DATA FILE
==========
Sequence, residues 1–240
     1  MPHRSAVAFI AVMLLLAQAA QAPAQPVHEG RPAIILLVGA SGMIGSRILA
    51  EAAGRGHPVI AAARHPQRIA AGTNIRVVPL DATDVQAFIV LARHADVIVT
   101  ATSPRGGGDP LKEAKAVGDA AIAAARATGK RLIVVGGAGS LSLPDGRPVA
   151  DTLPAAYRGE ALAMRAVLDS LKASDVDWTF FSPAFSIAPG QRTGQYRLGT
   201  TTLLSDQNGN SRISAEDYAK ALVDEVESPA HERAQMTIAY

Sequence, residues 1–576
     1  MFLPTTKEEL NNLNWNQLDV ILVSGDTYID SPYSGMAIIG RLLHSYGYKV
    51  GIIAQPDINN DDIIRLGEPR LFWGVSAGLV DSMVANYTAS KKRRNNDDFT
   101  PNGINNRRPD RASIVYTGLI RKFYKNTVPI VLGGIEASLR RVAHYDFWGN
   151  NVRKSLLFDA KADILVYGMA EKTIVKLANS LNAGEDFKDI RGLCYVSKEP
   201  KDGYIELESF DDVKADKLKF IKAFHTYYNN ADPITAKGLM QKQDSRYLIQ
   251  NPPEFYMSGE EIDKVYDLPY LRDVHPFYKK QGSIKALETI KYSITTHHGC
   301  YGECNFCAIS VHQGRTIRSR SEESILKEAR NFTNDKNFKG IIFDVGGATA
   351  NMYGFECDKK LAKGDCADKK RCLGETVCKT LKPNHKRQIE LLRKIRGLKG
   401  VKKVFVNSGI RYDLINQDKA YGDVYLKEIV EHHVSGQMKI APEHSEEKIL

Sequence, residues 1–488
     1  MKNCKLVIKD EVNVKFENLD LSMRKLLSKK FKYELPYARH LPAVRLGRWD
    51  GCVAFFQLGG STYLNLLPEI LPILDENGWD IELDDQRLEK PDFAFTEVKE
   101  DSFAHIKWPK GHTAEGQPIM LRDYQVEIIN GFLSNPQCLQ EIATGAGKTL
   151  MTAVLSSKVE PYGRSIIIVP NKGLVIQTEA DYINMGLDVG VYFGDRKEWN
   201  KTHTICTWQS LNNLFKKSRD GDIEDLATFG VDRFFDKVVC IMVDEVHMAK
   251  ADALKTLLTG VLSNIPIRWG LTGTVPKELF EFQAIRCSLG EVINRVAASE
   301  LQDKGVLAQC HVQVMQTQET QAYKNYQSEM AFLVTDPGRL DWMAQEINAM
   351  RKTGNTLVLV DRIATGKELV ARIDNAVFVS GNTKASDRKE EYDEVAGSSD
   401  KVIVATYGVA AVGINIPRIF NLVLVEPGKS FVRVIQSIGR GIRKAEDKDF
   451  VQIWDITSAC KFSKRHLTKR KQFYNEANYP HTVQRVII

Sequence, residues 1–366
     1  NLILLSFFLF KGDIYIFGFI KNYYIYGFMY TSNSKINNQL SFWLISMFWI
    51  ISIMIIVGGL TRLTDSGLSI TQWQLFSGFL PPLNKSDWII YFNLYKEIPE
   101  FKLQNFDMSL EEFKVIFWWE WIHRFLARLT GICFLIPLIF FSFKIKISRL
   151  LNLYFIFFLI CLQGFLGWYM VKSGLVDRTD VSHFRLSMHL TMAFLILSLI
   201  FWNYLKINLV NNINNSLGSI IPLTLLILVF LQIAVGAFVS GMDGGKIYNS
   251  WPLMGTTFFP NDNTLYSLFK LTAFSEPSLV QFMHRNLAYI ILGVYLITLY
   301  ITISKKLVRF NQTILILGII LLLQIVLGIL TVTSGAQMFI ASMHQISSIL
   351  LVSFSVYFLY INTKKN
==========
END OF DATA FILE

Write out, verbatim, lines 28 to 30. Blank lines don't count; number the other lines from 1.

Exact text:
Sequence, residues 1–366
     1  NLILLSFFLF KGDIYIFGFI KNYYIYGFMY TSNSKINNQL SFWLISMFWI
    51  ISIMIIVGGL TRLTDSGLSI TQWQLFSGFL PPLNKSDWII YFNLYKEIPE